Guy Fieri Says His Kids Won't Inherit His Fortune Unless They Do This

Guy Fieri revealed his perfect recipe for success doesn't include simply passing along his food empire to his children. Instead, they'll need to earn it.

By Hayley Santaflorentina Dec 19, 2023 5:56 PMTags
Watch: Guy Fieri's Top Food Tips for the Super Bowl

Guy Fieri is rolling out, and he's looking for diners, drive-ins and dives degrees. 

The Food Network star recently revealed that if his and wife Lori Fieri's sons Hunter, 27 and Ryder, 17 want to take over his dining empire, they will have to prove themselves in the classroom first.

"I've told them the same thing my dad told me," Guy told Fox News in an interview shared Dec. 12. "My dad says, ‘When I die, you can expect that I'm going to die broke, and you're going to be paying for the funeral.' And I told my boys, ‘None of this that I've been building are you going to get unless you come and take it from me.'" 

After all, if you can't handle the heat, you best stay out of the kitchen.

And when it comes to the exact menu for success, the 55-year-old took a move from none other than Shaquille O'Neal's playbook. 

"Shaq said it best," he continued. "Shaq said, ‘If you want this cheese, you got to get to two degrees.' Well, my two degrees mean postgraduate."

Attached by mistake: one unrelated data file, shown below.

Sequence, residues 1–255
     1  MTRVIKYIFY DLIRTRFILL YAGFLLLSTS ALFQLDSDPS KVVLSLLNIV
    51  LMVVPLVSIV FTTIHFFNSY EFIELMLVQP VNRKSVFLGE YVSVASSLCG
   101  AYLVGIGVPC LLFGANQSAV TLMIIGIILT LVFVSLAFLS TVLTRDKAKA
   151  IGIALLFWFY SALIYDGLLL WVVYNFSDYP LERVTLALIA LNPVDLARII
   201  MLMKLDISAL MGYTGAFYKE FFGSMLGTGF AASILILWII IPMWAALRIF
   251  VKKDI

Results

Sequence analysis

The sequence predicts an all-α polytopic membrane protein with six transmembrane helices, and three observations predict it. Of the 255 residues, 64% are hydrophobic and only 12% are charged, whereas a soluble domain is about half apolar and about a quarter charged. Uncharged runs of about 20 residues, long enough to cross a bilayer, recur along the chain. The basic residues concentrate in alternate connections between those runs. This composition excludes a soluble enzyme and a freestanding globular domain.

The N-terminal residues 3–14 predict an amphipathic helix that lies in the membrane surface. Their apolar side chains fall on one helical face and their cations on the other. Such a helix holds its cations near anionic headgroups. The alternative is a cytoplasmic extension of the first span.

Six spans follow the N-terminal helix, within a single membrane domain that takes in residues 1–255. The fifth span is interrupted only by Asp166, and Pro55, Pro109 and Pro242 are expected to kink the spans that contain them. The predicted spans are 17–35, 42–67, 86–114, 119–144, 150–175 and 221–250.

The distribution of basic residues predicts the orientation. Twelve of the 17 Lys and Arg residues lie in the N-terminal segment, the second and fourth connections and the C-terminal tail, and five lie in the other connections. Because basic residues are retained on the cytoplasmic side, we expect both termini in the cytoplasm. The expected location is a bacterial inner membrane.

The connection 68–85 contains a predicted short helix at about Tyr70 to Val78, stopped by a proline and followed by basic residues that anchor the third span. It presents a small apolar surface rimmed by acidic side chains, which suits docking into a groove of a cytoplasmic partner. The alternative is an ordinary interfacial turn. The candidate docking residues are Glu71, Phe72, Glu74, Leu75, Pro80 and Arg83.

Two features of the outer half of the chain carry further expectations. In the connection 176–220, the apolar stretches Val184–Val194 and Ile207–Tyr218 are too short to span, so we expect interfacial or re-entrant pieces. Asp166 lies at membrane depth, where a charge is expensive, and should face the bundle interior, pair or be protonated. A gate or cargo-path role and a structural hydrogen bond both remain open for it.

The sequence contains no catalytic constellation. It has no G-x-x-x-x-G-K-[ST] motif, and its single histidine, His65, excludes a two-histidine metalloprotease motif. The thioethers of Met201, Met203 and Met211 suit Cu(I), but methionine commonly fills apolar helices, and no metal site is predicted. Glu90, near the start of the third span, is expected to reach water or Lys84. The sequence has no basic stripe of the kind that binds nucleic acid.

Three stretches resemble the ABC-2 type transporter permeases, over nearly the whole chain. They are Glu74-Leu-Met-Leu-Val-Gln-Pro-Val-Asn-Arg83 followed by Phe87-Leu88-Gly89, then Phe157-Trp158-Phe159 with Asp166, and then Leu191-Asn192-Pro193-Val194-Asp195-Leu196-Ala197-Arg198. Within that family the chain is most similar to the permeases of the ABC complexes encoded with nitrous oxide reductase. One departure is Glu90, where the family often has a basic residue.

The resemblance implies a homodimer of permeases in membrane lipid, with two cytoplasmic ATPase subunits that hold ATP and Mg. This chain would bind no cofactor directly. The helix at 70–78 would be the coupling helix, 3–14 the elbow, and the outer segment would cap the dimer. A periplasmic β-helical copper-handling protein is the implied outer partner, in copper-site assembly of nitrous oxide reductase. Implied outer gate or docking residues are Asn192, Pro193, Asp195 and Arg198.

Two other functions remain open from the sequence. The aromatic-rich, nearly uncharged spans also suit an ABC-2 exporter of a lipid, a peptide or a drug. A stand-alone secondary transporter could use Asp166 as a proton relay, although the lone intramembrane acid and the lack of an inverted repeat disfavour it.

Secrets of the Food Network

But while Guy's eldest Hunter and his nephew Jules, he revealed, are already on their way towards succession being enrolled in MBA and law programs respectively, his youngest Ryder is feeling the pressure. 

"‘Dad, this is so unfair,'" Guy revealed of the high school student's complaints. "'I haven't even gone to college yet, and you're already pushing that I've got to get an MBA?' He's like, 'Can I just get through college?'"

Vivien Killilea / Stringer & Tim Nwachukwu / Staff (Getty Images)

And the TV personality isn't the only celeb trying to buck the "nepo baby" label when it comes to their children. 

In fact, fellow food mogul Gordon Ramsay told The Telegraph in 2016 he would only be helping his children financially by providing a 25 percent deposit on a flat—which he said was an attempt "to not spoil them"—while Mick Jagger recently revealed his eight children likely won't be the recipients of his post-1971 music catalog (which is worth half a billion dollars).

"The children don't need $500 million to live well," the Rolling Stones frontman told The Wall Street Journal in a September interview. "Come on."

Instead, the 80-year-old would prefer the money be donated to charity. Or, as he put it, "Maybe do some good in the world."

For the latest breaking news updates, click here to download the E! News App